AWS Government, Education, & Nonprofits Blog

Don’t Discount the Value of Innovation

A guest post by Tim Rains, Security & Compliance Leader for EMEA, Amazon Web Services

Recently, my family and I relocated from the United States to London. Shortly after arriving in London, we went on a family outing to see some of the city’s tourist sites. In the popular tourist areas of London, there are still red “telephone boxes” used by many for photographs since they are strongly associated with England.

As my family approached the telephone box, my youngest son asked, “What is that?” It dawned on me that in growing up in the suburbs of Seattle, he had never seen a phone booth before. One of the greatest technological innovations of my parents’ lifetimes and one of the greatest communications tools available in my lifetime was foreign to my children.

After this outing, I did some research. The first standard public telephone kiosk was introduced by the UK Post Office, made out of concrete, in 1920. It was called “Kiosk No.1” or K1 for short. The first red telephone box made out of metal was deployed in the UK in 1926, dubbed K2. Upgraded models, K3-K8, were introduced between 1930 and 1968. After privatization in 1982, the telephone company began to replace most of the existing red telephone boxes with modern models that looked different. By 2001, it was reported that they had stopped making telephone boxes. Public telephone kiosks were obsolete less than 100 years after they were introduced, as they started being replaced by mobile devices.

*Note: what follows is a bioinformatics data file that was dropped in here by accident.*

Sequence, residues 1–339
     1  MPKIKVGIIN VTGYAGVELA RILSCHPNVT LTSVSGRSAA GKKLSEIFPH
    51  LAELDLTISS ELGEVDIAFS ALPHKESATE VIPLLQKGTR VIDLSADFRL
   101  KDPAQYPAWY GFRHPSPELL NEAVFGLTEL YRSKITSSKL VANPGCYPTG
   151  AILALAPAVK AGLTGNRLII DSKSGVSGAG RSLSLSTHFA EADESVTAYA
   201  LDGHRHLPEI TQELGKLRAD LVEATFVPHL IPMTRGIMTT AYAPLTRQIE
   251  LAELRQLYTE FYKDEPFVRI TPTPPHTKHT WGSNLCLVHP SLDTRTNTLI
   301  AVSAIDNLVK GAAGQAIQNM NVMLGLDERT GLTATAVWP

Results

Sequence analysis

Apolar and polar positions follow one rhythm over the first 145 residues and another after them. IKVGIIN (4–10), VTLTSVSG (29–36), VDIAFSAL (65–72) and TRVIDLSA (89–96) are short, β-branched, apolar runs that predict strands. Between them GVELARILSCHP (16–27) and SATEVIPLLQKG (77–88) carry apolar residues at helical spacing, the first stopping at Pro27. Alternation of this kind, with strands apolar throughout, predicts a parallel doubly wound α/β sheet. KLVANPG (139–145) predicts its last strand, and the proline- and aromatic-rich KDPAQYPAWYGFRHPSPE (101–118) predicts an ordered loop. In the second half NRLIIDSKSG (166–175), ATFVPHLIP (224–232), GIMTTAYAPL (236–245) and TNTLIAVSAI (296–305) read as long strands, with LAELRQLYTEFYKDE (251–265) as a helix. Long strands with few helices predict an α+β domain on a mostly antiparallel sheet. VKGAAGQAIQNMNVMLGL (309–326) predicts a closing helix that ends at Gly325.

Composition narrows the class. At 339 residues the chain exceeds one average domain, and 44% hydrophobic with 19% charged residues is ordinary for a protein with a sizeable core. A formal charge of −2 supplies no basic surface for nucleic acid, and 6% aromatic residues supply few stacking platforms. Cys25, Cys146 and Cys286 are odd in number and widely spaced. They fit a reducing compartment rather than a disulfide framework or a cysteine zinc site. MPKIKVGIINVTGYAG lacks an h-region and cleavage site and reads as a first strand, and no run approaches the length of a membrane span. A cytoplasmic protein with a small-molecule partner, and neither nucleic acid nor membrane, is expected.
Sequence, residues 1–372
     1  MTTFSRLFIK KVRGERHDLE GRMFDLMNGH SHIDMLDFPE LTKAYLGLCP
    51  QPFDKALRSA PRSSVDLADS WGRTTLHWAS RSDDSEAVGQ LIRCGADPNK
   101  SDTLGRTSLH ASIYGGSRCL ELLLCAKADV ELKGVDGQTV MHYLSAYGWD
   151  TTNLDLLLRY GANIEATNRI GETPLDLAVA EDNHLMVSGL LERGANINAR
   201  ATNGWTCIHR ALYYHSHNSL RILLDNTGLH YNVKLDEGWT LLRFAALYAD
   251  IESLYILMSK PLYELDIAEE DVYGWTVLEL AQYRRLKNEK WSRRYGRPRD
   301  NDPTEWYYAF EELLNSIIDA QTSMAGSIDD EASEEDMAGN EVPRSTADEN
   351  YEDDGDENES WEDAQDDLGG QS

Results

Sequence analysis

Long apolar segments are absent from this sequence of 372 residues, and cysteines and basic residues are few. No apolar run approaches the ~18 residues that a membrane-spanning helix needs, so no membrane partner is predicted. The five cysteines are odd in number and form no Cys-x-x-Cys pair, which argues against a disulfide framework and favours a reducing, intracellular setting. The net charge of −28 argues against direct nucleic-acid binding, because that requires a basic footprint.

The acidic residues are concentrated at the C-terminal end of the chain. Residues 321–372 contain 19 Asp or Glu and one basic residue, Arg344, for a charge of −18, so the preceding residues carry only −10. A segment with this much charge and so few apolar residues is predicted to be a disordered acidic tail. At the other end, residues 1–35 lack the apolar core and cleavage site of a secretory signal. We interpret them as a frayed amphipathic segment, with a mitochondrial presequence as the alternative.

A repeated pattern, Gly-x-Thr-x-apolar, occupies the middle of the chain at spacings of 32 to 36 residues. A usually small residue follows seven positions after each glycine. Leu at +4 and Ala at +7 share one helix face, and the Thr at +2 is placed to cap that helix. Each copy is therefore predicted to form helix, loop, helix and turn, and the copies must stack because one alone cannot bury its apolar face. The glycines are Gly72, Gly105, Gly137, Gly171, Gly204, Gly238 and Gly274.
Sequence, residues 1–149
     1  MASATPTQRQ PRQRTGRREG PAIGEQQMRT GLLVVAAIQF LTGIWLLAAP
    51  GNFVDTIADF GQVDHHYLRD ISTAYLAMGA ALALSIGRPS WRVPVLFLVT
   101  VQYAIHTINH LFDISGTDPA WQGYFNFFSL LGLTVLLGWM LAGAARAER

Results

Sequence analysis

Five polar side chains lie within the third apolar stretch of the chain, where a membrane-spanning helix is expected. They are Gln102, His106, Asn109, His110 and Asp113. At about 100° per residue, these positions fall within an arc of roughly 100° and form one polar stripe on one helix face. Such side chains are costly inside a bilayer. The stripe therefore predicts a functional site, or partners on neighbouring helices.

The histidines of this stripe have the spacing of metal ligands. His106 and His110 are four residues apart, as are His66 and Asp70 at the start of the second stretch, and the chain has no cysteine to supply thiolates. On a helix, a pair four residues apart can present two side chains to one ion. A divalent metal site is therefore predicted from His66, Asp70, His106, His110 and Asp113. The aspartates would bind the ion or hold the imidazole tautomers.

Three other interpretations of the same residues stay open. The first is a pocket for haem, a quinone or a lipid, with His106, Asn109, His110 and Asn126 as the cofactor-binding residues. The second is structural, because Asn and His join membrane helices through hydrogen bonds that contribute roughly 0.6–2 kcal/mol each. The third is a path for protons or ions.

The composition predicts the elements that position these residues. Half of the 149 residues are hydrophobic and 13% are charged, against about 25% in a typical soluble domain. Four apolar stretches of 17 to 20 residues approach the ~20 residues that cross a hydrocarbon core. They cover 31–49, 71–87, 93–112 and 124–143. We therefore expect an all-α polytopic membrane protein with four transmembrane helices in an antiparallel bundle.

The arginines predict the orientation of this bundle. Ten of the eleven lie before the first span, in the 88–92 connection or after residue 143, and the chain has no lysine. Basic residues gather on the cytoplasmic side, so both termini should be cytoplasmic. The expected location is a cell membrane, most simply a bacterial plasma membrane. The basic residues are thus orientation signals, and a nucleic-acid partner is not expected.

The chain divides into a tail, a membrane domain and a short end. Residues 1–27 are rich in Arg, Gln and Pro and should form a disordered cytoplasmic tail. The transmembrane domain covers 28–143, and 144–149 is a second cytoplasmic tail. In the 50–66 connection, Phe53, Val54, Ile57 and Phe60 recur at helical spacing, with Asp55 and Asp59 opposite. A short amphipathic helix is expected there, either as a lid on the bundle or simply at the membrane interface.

For me, this is an example of a technological innovation that changed the way we live, the language we use, our customs, and our culture. The same thing is happening now with the cloud.

Over the years, I have talked to thousands of customers about security and compliance topics. Many of these conversations revolved around specific security controls customers were interested in, or assurances about how specific cloud services are managed, or whether a cloud service complies with a specific regulation. Chief Information Security Officers (CISOs) and Chief Information Officers (CIOs) tend to be focused on maximizing control and visibility – and for good reasons.

But with the focus on security controls and compliance requirements, one important topic rarely gets discussed: innovation. Overlooking the value of innovation to an organization, and the value of the pace of innovation, can be a serious ROI miscalculation.

For example, one large retail organization with stores around the world was adamant that they could build and operate large-scale on-premises storage that met their organization’s specific security and compliance requirements less expensively than any Cloud Service Provider (CSP). There was no doubt that they had the purchasing power that enabled them to procure storage hardware at a deep discount and install it in their existing datacenters. They also had in-house expertise to operate their datacenters, which they had cultivated over the years.